I used to have favorite songs—the ones that I absolutely had to hear each time I attended a concert. The ones where you’d be disappointed, maybe even crushed, if the band didn’t play the single song in their catalogue that you wanted to hear above all others.
Now, I just have favorite artists—the kind who you promise yourself you will never miss any show that comes anywhere near you. They’re the ones who you get giddy about, like a kid on Christmas morning, the very second they announce new live dates, and then you anticipate their show for months and months.
This time, the anticipation started on April 4 when Sigur Rós announced a 17-date North American tour, which would be stopping through Portland at the Keller Auditorium on September 21. With no new album to promote, the ethereal, experimental Icelandic three-piece did promise audiences no opening act but rather two sets each evening. And it was a career-spanning offering stripped down to the basics: just the three multi-instrumentalist, Jón Þór "Jónsi" Birgisson, Georg "Goggi" Hólm and Orri Páll Dýrason, by themselves on stage—surrounded by an evolving lighting display of theatrical proportions.
"Every time you go on tour you want it to be different... and every time it is, usually because you have a new album you want to play people,” the band stated upon announcing their string of live dates. “But there was a time when things were the other way round, when we worked stuff out on the road. This time, in addition to playing songs you know, we wanted to remember the seat-of-your-pants feeling experienced in the wake of Ágætis byrjun, when for two years we formed and re-formed the songs that would go on to be the ( ) album live in front of people, night after night.”
“We can only ask you to trust us on this one,” they said. And trust we did. We trusted as the three men gave us two sets of sonically and visually immersive, spelling-binding, beautiful work.
Bustling into the venue for the 8:30pm sharp start time, the first hour-long set lulled and brooded, emitting both a warmth that could coax you to sleep as well as the accompanying nightmares once you fell into its grasp. As Jónsi bowed his guitar strings and howled blessedly, simple yet powerfully repetitive cadences on the drums propelled songs forward as seemingly static yet fidgety baselines were thrummed from the instrument’s frets. Accompanying the music were enveloping environs that recalled haunted forests, and eagle-eye views above oceanic fjords, and scenes of futuristic minimalism—it was all a dream zone soothing you into a trance, fairly tranquil punctuated by moments of bombastic force.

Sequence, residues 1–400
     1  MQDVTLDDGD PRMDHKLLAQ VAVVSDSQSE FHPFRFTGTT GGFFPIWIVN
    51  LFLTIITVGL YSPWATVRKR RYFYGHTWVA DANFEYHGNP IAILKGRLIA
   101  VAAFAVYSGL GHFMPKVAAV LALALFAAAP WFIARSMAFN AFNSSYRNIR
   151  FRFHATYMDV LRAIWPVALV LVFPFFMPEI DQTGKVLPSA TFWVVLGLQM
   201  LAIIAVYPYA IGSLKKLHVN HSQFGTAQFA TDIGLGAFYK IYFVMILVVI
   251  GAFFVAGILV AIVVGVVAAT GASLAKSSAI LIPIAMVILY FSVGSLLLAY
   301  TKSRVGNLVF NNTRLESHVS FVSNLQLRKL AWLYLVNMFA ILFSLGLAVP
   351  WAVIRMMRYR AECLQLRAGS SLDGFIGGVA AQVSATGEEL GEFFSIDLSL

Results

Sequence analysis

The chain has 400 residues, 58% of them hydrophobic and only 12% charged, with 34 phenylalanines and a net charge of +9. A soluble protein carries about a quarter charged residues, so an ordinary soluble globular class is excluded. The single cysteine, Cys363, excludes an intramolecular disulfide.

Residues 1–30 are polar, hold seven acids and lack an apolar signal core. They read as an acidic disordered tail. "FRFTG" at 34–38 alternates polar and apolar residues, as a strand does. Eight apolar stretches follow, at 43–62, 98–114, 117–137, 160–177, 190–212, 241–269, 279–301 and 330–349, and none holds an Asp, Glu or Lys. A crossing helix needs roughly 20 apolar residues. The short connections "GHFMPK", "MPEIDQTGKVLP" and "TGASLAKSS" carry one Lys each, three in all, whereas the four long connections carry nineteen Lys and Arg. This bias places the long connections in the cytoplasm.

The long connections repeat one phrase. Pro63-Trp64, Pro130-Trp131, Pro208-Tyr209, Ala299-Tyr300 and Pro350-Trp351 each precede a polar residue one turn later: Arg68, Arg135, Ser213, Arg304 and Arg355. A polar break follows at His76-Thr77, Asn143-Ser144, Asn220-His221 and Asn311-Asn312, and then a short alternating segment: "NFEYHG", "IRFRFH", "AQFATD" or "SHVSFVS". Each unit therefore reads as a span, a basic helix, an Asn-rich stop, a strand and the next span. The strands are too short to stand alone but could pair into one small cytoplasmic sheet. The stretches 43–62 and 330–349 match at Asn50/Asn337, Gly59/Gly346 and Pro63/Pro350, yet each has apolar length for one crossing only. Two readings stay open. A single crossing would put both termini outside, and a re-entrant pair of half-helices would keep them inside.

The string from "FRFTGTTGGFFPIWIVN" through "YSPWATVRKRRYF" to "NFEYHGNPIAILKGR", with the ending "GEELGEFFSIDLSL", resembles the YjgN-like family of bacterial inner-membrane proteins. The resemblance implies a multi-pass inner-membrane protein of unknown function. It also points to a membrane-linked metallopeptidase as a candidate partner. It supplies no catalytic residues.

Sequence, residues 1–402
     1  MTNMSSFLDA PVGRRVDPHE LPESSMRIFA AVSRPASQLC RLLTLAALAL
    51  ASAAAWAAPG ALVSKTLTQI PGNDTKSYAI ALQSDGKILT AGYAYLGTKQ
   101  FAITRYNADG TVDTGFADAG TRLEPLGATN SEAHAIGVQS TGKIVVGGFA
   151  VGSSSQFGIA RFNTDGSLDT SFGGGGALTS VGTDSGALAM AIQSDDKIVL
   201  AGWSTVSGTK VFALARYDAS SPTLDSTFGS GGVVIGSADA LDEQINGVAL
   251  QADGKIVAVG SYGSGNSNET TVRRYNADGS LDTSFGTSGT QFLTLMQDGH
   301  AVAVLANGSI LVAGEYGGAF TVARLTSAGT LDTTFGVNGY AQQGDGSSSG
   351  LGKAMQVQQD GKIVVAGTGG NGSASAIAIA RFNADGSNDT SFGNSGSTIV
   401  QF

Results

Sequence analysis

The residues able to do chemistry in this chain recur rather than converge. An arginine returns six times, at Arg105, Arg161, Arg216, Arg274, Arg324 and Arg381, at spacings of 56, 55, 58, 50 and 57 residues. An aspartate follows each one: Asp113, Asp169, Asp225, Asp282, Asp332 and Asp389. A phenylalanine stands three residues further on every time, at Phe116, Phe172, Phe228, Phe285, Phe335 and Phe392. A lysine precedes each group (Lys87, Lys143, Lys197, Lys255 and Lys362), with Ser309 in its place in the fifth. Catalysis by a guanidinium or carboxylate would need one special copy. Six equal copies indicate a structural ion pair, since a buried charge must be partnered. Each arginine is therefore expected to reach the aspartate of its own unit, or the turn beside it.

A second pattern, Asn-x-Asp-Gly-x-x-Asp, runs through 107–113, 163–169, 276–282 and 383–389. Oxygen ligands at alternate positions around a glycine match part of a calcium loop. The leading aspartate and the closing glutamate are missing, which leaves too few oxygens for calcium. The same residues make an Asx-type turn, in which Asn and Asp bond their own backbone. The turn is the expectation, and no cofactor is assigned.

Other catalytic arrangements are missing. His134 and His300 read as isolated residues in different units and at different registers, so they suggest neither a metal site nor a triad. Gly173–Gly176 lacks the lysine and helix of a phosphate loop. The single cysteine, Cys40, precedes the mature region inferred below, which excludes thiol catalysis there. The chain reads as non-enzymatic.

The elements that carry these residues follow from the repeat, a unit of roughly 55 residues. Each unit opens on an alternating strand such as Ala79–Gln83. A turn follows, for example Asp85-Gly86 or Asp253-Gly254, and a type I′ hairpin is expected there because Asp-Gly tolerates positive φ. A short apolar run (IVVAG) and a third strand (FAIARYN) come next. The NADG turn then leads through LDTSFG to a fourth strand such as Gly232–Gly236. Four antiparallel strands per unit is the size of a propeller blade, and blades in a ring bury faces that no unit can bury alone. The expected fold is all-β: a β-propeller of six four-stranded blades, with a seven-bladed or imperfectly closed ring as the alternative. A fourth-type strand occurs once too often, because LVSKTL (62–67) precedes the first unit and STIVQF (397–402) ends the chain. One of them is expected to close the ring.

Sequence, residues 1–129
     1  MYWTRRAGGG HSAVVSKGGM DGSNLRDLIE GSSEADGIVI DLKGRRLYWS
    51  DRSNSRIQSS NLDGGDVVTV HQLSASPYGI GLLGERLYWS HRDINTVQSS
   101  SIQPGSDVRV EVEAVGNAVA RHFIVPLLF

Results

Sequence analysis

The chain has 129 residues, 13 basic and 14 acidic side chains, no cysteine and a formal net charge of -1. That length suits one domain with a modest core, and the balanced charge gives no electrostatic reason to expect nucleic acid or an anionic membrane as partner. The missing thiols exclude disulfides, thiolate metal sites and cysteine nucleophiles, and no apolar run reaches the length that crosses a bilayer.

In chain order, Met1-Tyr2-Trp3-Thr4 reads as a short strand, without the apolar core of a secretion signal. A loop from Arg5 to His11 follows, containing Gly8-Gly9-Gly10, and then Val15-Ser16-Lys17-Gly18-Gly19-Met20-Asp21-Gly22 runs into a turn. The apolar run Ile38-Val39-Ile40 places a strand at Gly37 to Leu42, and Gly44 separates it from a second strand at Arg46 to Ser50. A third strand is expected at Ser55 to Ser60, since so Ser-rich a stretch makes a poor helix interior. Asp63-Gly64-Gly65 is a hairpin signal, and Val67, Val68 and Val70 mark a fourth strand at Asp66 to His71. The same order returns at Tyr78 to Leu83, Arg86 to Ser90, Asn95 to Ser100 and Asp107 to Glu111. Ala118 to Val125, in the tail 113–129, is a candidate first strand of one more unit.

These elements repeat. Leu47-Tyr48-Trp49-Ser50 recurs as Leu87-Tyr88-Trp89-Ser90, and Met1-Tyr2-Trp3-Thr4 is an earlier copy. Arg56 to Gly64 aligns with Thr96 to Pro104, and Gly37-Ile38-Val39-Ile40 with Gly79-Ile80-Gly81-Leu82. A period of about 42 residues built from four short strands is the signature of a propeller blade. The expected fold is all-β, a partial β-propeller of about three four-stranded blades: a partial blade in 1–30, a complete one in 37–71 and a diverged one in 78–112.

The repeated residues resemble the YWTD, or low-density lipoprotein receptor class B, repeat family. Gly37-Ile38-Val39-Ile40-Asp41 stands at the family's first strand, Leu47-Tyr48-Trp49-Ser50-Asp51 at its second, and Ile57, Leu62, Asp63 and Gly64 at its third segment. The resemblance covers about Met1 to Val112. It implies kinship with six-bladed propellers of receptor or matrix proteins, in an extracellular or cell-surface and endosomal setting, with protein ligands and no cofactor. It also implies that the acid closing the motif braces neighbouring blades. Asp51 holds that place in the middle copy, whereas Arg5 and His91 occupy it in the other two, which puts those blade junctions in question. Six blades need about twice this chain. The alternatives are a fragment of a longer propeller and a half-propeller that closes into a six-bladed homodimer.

And then the lights came up. An hour had passed. Gorgeous albeit a little sleepy, as is common in Sigur Rós’ work, it was clear the band would turn up the intensity in act two. Easing in, the recognizable “Starálfur” felt like an undersea remix compared to its 1999 original recording, while their first (officially released) new song since 2013, “Óveður” (which debuted in June—watch the Jonas Åkerlund-directed music video below), zapped the audience awake with its crunchy, abrasive electronic crashes. The cozy warmth from before was now a different beast—more of a sweaty palms, on-the-edge-of-your-seat combustion.
The visuals continued to impress conjuring up the sea and the cosmos, abductions, geometric patterns and the blistering lava core of the earth—all as the band steadily increased their intensity, culminating in what must have been a minute-long falsetto exhalation from Jónsi. They roared and soared while frayed pieces of horsehair swung from Jónsi’s cello bow as he shredded it over the strings of his guitar. Fists pumped and the audience rose to their feet as the unlikely rockstars basked in the warmth they now received from the sold-out crowd. Takk, Icelandic for thanks, appeared behind band as they clapped and bowed, deeply gracious for the ecstatic reception.
Next time your favorite artist, the immaculate kind who gives transcendent performances, announces a show anywhere in your vicinity, make sure you’re there.